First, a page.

Cal U also has a strong relationship with the National Weather Service office in Moon Township, Pa., which opens doors to internships and research projects with NWS staff.

PROGRAM HIGHLIGHTS: CLIMATE SCIENCE

IN-DEMAND CAREER: Weather and climate influence decision-making and long-term planning in fields ranging from business and finance to government and public health. And the need for climate scientists is growing as the effects of climate change become increasingly evident. The Bureau of Labor Statistics projects job growth of 12% for atmospheric scientists (including meteorologists) between 2016 and 2026, much faster than the average for all occupations.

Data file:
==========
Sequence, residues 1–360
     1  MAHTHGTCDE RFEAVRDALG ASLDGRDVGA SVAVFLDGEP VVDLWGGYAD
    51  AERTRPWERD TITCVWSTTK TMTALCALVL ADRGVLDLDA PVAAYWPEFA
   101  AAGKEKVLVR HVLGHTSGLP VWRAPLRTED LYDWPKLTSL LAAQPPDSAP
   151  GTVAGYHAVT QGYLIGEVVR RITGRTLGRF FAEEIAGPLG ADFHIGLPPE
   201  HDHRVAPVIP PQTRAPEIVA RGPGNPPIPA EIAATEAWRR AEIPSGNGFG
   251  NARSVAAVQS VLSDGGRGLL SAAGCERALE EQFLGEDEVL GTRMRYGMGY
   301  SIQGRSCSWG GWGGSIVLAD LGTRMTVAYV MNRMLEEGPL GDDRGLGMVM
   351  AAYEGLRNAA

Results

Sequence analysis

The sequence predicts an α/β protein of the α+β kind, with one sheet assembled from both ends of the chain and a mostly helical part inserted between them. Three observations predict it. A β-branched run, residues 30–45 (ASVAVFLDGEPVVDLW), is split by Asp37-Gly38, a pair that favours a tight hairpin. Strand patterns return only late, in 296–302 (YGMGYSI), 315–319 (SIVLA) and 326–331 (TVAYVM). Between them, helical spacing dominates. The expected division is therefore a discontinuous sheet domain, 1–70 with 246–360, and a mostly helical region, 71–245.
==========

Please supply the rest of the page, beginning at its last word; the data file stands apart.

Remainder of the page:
EXPERT FACULTY: Faculty in Cal U’s Earth Sciences Department are experts in climatology, meteorology and related fields, as well as committed teachers and research mentors. Their professional connections bring added value to the climate science program. For example, Dr. Chad Kauffman is curriculum development coordinator for the American Meteorological Society’s DataStreme program, and he worked with AMS professionals to author a textbook, Our Changing Climate: An Introduction to Climate Science. 

ALUMNI SUCCESSGraduates of Cal U’s Earth sciences programs are contributing to advances in climate science.

 

Learn more about applying

 

120 
Credits required to complete the B.S. in Earth Science: Climate Science concentration.
$94K 
Median annual salary (in 2018) for atmospheric scientists, including meteorologists, according to the Bureau of Labor Statistics.
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Degree Benefits